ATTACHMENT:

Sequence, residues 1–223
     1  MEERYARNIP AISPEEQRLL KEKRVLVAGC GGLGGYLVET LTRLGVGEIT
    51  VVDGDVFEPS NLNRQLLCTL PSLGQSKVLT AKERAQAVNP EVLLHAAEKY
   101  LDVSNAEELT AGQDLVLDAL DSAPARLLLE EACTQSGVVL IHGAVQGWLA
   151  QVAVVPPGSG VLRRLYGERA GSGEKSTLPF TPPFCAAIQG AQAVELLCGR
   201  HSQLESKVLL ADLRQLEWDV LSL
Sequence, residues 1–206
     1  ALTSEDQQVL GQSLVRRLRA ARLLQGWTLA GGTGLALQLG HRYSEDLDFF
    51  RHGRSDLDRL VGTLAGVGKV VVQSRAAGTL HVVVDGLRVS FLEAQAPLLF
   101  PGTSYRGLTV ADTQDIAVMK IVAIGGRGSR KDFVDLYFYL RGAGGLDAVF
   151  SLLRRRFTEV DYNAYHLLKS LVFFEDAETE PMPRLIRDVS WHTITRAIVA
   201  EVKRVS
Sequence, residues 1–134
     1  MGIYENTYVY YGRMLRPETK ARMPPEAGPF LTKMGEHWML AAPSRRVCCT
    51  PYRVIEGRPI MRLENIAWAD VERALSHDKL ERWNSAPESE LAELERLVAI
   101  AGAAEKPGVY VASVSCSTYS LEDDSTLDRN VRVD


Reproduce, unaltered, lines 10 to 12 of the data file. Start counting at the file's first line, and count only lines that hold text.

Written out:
   101  PGTSYRGLTV ADTQDIAVMK IVAIGGRGSR KDFVDLYFYL RGAGGLDAVF
   151  SLLRRRFTEV DYNAYHLLKS LVFFEDAETE PMPRLIRDVS WHTITRAIVA
   201  EVKRVS